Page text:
Jim Warren tossed his hat into the electronic identification (EID) ring more than two years ago. The principal owner of 101 Livestock Market, Inc., Aromas, CA admits there were wrinkles in the EID systems he and his crew incorporated into the facility that stands a stone's throw from the Pacific Ocean.

But traceability functions opened by EID allow a whole new world of marketing possibilities for 101 Livestock's consignors.

“This is the first development in my 30 years in the cattle-marketing business that's returning the producer significant and honest value for quality cattle,” Warren said when we last visited 101 Livestock.

Since mid-2005 (see “Full Steam Ahead,” p. 32, July 2005 BEEF), the crew at 101 Livestock has been steadily fine-tuning its traceability system — and installing some new customer-service elements that are adding value in this new era of cattle marketing.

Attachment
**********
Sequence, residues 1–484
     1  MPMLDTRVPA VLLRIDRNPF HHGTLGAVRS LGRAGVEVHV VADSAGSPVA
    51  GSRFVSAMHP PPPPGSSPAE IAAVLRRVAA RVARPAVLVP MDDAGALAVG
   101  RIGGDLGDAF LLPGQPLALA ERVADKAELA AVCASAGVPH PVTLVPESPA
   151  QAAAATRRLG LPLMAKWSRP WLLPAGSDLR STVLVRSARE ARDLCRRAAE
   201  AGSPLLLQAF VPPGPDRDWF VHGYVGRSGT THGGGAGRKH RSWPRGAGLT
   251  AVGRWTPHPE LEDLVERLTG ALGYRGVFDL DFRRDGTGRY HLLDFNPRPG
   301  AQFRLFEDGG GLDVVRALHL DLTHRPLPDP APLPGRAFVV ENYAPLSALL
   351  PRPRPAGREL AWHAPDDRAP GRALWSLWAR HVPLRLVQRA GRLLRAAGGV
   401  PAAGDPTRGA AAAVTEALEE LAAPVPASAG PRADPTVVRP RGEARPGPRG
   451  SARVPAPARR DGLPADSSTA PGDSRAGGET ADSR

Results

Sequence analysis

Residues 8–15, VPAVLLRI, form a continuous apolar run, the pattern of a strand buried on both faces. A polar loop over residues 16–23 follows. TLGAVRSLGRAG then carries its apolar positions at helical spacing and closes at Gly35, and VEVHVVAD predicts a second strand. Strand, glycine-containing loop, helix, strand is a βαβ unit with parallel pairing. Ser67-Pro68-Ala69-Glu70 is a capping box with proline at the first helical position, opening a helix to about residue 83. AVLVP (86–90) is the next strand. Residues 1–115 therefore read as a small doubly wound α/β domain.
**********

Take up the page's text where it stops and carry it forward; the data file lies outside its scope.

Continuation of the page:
“We knew two years ago that we were stepping out of our marketing comfort zone,” Warren says today. “It's gotten steadily better though, as we've ironed out the wrinkles and added new incentives to track cattle and use EID as a tool in adding value to the consignments that come through this facility.”

A cornerstone of the efforts to EID cattle sold through 101 Livestock is the recent approval of a USDA Quality System Assessment (QSA) program. This allows 101 Livestock to meet the requirements of the Export Verification Program for Japan that requires beef come from cattle verified to be less than 20 months of age.

In fact, last August, 101 Livestock became the first livestock sale barn in the West to install a USDA-approved QSA marketing program that verifies the cattle's source and age through animal ID and birth records.

It begins at home

In order to sell their cattle through the 101 Livestock QSA program, producers must ID the animals before they leave the ranch.